2002 starts us off with Panic Room, though not exactly a horror. The famed David Fincher directs a stellar cast in this tale of a single mom, Jodie Foster, who protects herself and her daughter, the new Kristen Stewart, from a band of thieves. Ultimately not one of Fincher’s better films, the movie examines many themes and is still worth a watch.

Ils, the 2006 movie also listed in the New French Extremism category, opens with a great, Scream-esque prologue, then goes on to set-up a simple story of a young couple besieged in their huge home by a clique of criminals, who once their identities are revealed, turns out to have a pretty cool ending.

Funny Games is Michael Haneke’s 2007 American shot-for-shot remake of his 1997 Austrian movie, that does more than tell a terrifying home-invasion story, it plays with the audience. Characters break the fourth-wall, the movie rewinds to replay a scene giving it a different outcome, and ultimately, Mr. Haneke asks: If you think this movie is too nihilistic, then at what point did you stop watching?

2007’s Inside, also listed in the New French Extremism section, is a bloody revenge tale set on Christmas Eve as a very pregnant single mother fends off an intruder all night. The end reveal when the antagonist’s motivations are exposed is a really cool twist.

Strangers is a 2008 movie by first-time screenwriter/director Bryan Bertino, which also tells a depressing story of a young couple stalked and terrorized in their home for…well, just because. Taking inspiration from John Carpenter, the film is very effective and despite mixed reviews, grossed a sizable profit on its $9 million budget. Bertino was one of the rare spec-script stories of the 2000s, but oddly he has remained relatively dormant in the years since.

While, for whatever reason, Bertino did not produce any more low budget horrors for a while, other film-makers like himself sure did, which is where we’ll pick-up next time with Part 3 of 2000’s Horror…

(Photo of Lake Mungo from Pinterest.)

Crash Palace Support Team

12496273_131479987232834_5948852029879239438_o

Paul J. Williams is an award-winning screenwriter and filmmaker, and his short films have appeared in numerous festivals. Although Paul’s the man behind Rolling Dark Productions, he’s also a detective in Morris County, New Jersey. Paul’s a Medal of Honor recipient from the City of Newark for actions on December 14, 2002

Chronic Demonic Vomit: 666 from Billy Crash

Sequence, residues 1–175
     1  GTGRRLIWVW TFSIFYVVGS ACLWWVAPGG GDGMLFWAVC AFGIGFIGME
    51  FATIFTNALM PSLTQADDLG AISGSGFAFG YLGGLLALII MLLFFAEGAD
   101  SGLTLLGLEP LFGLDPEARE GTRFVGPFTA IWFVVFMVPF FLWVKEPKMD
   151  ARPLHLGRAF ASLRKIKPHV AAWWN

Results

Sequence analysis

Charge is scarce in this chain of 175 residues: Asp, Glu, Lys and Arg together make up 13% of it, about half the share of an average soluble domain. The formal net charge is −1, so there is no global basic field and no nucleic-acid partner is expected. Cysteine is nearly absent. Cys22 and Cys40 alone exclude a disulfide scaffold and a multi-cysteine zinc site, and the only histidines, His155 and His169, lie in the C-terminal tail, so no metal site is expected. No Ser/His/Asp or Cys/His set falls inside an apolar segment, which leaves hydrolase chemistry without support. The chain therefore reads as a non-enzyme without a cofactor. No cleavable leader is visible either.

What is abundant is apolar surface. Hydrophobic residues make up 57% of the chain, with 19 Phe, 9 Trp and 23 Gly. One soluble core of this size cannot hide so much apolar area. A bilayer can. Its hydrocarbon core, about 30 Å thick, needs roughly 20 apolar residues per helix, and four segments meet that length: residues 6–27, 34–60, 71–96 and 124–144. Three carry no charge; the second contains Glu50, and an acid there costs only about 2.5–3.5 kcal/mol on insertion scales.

Number of the Beast

I’ve had it. While watching a movie I’m not at liberty to name, the digital clock ramped up speed – and landed on 6:66 o’clock. I began to roll my eyes but stopped when acid shot into the back of my throat as I endured another horror train wreck. When it comes to the “Number of the Beast,” the only thing I want to hear is Steve Harris and company knock it out as Iron Maiden.

Since The Exorcist, films using demonic possession as a foundation have copied many a scene from William Friedkin’s much feared horror classic. The genre is loaded with bitter or ex-communicated or faithless priests taking on a young girl or woman possessed by a demon. Of course, she must be tied down spread-eagle to a bed, she must speak in a Cookie Monster-like devilish voice, and when the priest asks the demon’s name, she must say, “We are Legion” with a grimace before a splash of Holy water burns her flesh and really sets her off.

I certainly don’t mind demonic possession in film, but as many a sub-genre in horror, the idea has become cliché, and every new low-budget disaster is an even worse copy of the copy before it. Besides the priest, we either get a virgin child or teen, or a hot young mental patient who has survived on the streets but really has a heart of gold. I can’t recall the last time I saw a boy or man possessed in a film (except for 2014’s The Possession of Michael King), but when a woman’s bound and has a priest coming at her, it’s an exploitation fantasy from a third-rate porn mag where misogyny reigns supreme – or maybe viewers hope she’ll grab the cross and use it like Reagan’s stabbing phallus from The Exorcist. Usually, especially if the priest is young and survives the ordeal along with the possessed female soul he rescued from the clutches of the Devil, his eyes will linger on the now demure survivor for a moment. Yes, he loves her, but dammit, he’s a changed man with a higher purpose, and loves God more because his faith’s been re-established – even in the face of Roman Catholic bureaucracy that never thought the girl/woman was possessed in the first place. Our priest now reborn must engage his new mission to save other souls, and our survivor’s left to find some semblance of normalcy in her world.